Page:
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Poetry for the Many: ed. Jeremy Corbyn, Len McCluskey

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A would-be prime minister who confessed to liking – and writing - poetry? Was that why the ‘Red Wall’ working-class voters turned so decisively against him at the 2019 election, and gave Boris Johnson such a thumping majority? Maybe, maybe not. After all, Johnson was partial to the odd limerick himself.  

The title of this anthology, curated by poetry lovers Jeremy Corbyn and his old union pal Len McCluskey, refers to that famous Shelley line, “Ye are many – they are few!”, written in the aftermath of the Peterloo Massacre, that the Labour party has pinned its colours to so often in the past, and even populist rightwing politician Suella Braverman has tried ham-fistedly to appropriate in more recent times.

The first poem in the anthology shows that JC is not afraid to take on the poetry establishment. Wordsworth’s ‘I Wandered Lonely as a Cloud’ has long been scorned by the powers that be, and the word ‘daffodils’ often appears on spurious lists of ‘banned’ poetry words. Yet I have personal reasons for sympathising with his choice – my father could still recite it by heart in the last throes of his dementia – and there is a famous Gillian Clarke poem on the subject, too.

Similarly, Len McCluskey is not embarrassed about selecting Kipling’s ‘If –’ as a favourite, even though he concedes that the poet of imperialism “was born in India in the days of the Raj and was, by all accounts, a misogynist and racist. His views on Ireland were outrageous.”

Although most of the poems were selected for the anthology by Corbyn and McCluskey, other figures were invited to contribute their favourites, including Maxine Peake, Michael Rosen, Julie Hesmondhalgh, Alexei Sayle, and Ken Loach.   

Poets that appear in Poetry for the Many include Christina Rossetti, Roger McGough, Shelley (of course), Langston Hughes, William Blake, Dylan Thomas, Derek Walcott, Oscar Wilde, Wilfred Owen, Isaac Rosenberg, John Donne, Elizabeth Barrett Browning, Emily Dickinson, Robert Frost, Adrian Mitchell, Stevie Smith, Robert Burns, and Linton Kwesi Johnson, to name more than a few.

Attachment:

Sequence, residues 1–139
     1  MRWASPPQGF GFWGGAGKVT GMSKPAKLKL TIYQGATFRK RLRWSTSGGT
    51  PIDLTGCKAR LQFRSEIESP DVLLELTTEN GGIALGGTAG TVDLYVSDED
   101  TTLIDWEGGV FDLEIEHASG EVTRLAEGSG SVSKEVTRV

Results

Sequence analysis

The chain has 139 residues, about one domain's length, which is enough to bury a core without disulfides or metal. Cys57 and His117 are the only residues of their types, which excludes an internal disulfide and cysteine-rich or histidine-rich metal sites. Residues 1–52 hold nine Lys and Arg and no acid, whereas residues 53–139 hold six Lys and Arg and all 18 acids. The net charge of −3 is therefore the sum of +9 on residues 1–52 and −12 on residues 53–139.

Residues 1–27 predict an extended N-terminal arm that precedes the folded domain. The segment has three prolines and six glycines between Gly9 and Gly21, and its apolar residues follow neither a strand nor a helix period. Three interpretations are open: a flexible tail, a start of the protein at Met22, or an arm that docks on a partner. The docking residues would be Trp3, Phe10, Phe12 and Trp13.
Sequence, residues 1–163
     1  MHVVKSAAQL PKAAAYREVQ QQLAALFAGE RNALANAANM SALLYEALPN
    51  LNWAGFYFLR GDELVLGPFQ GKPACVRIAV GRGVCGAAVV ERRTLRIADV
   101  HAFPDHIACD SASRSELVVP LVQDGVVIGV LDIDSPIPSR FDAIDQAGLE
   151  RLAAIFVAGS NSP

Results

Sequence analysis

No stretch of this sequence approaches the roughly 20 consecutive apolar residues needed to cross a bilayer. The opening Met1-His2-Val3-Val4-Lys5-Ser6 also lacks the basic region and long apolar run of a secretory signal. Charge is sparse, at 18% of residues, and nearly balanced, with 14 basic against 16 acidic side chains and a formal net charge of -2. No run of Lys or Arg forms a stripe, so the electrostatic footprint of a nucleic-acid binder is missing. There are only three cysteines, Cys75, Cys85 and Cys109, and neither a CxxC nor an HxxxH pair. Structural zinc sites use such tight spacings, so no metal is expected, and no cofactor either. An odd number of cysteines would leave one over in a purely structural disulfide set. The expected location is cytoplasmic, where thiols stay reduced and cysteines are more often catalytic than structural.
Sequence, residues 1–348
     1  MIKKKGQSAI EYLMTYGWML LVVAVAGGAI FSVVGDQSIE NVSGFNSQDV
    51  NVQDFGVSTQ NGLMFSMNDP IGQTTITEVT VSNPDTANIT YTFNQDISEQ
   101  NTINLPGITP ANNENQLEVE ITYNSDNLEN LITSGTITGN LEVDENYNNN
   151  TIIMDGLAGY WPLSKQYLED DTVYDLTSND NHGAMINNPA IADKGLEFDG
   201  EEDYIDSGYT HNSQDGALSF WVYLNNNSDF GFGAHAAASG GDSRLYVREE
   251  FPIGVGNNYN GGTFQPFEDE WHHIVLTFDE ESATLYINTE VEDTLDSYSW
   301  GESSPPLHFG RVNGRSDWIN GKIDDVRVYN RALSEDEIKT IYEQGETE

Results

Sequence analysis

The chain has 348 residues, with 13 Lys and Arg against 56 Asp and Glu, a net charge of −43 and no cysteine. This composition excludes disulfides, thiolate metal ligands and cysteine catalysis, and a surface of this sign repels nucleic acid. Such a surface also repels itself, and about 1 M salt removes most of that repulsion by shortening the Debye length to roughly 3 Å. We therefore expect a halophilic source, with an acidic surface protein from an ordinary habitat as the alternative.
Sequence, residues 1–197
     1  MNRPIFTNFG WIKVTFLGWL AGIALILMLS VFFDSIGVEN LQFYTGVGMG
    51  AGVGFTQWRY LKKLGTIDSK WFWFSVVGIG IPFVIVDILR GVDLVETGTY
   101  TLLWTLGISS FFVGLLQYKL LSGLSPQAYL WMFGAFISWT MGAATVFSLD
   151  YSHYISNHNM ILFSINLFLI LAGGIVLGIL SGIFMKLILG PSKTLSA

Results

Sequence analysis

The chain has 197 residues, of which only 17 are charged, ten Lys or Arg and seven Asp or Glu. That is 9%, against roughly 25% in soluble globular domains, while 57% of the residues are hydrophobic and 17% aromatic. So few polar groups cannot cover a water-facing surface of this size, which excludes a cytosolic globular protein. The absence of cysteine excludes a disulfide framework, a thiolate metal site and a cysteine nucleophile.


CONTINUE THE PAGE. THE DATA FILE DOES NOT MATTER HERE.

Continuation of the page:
And Jeremy Corbyn himself. Some may accuse him of vanity at such self-inclusion, but I for one have been keen to see an example of his work, ever since he confessed to writing poetry during the Labour leadership election in 2015. ‘Calais in Winter’, the final poem in the anthology, was written on a train home after a trip to visit refugee camps in northern France, is heartfelt and would evoke warm applause at open-mic poetry nights - which is all most of us poets can ever hope for.

Corbyn’s foreword to the selection is titled ‘There’s a Poet in All of Us’, which has long been Write Out Loud’s credo. He says: “Nobody should ever be afraid of sharing their poetry. It doesn’t need to rhyme or scan. It can be just an expression of thoughts that may at first appear as random but, when written down on paper or screen, can become more coherent and take on a deeper meaning.”  

McCluskey talks of being introduced to poetry during the cultural ferment that was Liverpool in the 1960s, and goes on to say: “One thing I know is that the beauty of language expressed through rhyme or other forms of verse has given me enormous joy. I always take a poetry book with me on holiday. At home I can often be found in a corner sitting quietly with a poetry book. It’s food for the soul.”

This anthology has already garnered a sneering review by Don Paterson in the right-wing Spectator magazine, publishers of Johnson’s limerick. But I found myself moved at reading those forewords, particularly Len McCluskey’s. Two men long demonised by the media, standing up and proclaiming the power of poetry - for the many, not just a chosen few.      


Poetry for the Many, ed. Jeremy Corbyn and Len McCluskey, OR Books, £11.99




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Stephen Gospage

Sun 14th Apr 2024 17:42

I have never been JC's greatest fan (a lifelong social democrat, I'm afraid) but this seems a very worthy venture, even if he should be careful of including his own poem alongside the likes of Robert Frost and Stevie Smith.

A sneering review in the Spectator - no such thing as bad publicity, I suppose. Certainly not there!

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